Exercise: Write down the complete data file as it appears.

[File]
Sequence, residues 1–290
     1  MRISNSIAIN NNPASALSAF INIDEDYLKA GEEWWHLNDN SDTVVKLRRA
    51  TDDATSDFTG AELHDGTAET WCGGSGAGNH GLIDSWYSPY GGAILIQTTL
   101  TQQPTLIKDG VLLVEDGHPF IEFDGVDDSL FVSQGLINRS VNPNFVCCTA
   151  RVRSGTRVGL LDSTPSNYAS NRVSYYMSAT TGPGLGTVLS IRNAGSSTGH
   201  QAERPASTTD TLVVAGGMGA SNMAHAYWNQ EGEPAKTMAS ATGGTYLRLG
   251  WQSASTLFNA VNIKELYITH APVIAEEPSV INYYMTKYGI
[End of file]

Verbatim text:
Sequence, residues 1–290
     1  MRISNSIAIN NNPASALSAF INIDEDYLKA GEEWWHLNDN SDTVVKLRRA
    51  TDDATSDFTG AELHDGTAET WCGGSGAGNH GLIDSWYSPY GGAILIQTTL
   101  TQQPTLIKDG VLLVEDGHPF IEFDGVDDSL FVSQGLINRS VNPNFVCCTA
   151  RVRSGTRVGL LDSTPSNYAS NRVSYYMSAT TGPGLGTVLS IRNAGSSTGH
   201  QAERPASTTD TLVVAGGMGA SNMAHAYWNQ EGEPAKTMAS ATGGTYLRLG
   251  WQSASTLFNA VNIKELYITH APVIAEEPSV INYYMTKYGI